In the last Census, the number of people who cycle to work was over 760,000, an increase of +17% on the previous decade. This rises to 2 million people, who say they cycle every day or nearly every day, according to the British Social Attitudes survey in 2014.

Since then, British Cyclists have had tremendous success on the track, on the road, at the Olympics and pretty much everywhere we go. This has had an enormous effect on cyclists throughout the UK and whether you cycle to work or cycle for other reasons, you’re one of millions of cyclists who enjoy this two-wheel activity.

Garfield in DenialCycling is considered to be one of the most effective types of exercise to lose weight and burn calories, and I have previously documented my own weight loss through cycling.

I’ve always considered that I burn around 600-700 calories per hour when cycling at 14-16mph but is that accurate?

The above Calorie Calculator was initially developed to calculate the number of calories burnt for those cycling to work but it’s just as effective for all cycling trips, just add half your mileage to the ‘distance to work’ section (it calculates the round trip to work) and it’ll show you the amount of calories used.

How to Calculate Calories Burnt Cycling

The number of calories burned when cycling depends on several factors; gender, age, weight, height, muscle mass, metabolic rate, activity.

The amount of calories burnt by Men is generally higher Women because they tend to have more muscle tissue (more muscle tissue results in more calories burnt). Younger Men & Women burn more calories during exercise as we tend to have more muscle tissue when we’re younger than when we’re older.

Weight is also a key factor in burning calories as it takes a heavier person more effort than a lighter person, so a 175lb man will burn more calories than a 155lb man doing the same activity.

Typical average calories burnt during cycling are often quoted as follows but these are simply for all averages and don’t take all factors into consideration. To get a more accurate calorie number, use the above Calorie Calculator.

Calories Burnt Cycling
130lb (9st) 155lb (11st) 185lb (13st) 205lb (15st)
12-14 mph 475 575 650 750
14-16 mph 600 700 825 950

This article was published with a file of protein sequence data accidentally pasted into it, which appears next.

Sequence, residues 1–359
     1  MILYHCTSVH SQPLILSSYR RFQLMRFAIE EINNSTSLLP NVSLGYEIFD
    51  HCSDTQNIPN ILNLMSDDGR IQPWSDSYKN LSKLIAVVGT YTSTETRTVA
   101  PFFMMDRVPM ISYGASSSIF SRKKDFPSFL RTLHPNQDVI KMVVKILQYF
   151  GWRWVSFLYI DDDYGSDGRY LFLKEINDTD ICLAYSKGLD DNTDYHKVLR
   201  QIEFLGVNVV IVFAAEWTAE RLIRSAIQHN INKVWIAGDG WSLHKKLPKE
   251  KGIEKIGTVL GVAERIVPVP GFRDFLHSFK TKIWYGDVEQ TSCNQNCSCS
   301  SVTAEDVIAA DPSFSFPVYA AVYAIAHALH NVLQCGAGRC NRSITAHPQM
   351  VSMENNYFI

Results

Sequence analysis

16-20 mph 700 850 975 1125
20+ mph 950 1125 1300 1500

Calorie Calculator Calculations

The Calorie Calculator uses activity based caloric expenditure calculations to calculate the number of calories burnt during cycling during a set time period:

  • Calories Burnt per day = (BMR / 24) x MET x (T)

BMR = Basal Metabolic Rate
MET = Metabolic Equivalent
T = Total Journey Time

Whilst some calorie calculators ask users to input the amount of time spent cycling, this calculator uses distance and then uses this data to calculate the time.

The BMR (Basal Metabolic Rate) calculation is based on gender, weight, height and age. The calculator uses the Harris-Benedict equation, shown as follows:

  • BMR (Men) = 66 + (13.7 x weight) + (5 x height) – (6.8 x age)
  • BMR (Women) = 655 + (9.6 x weight) + (1.8 x height) – (4.7 x age)

The MET (Metabolic Equivalent) is a fixed value based on metabolic equivalent data for a particular physical activity, known as “The Compendium of Physical Activities Tracking Guide” by B. E. Ainsworth. This shows cycling to be ‘cycling for leisure, pleasure or to work’ at less than 10 mph.

The 10 mph speed is very much dependent on the individual and their ability to travel at that speed (traffic, other road users, traffic lights, fitness etc). Some cyclists will cycle faster than this but for most commuters, it is considered that a MET value of 4.0 or traveling at an average speed of 10 mph, is the best option to use in this calculation.

However, as readers are not average commuters, or anything for that matter, we’re using a MET value of 5.5, which is the equivalent of ‘cycling at 100 watts’. To put this in context, sexual activity has a value of 5.8, who knew!

The Total Journey Time is calculated using the standard method, multiplied by 2 to calculate the round trip.

  • Total Journey Time = (Distance / Average Speed) x 2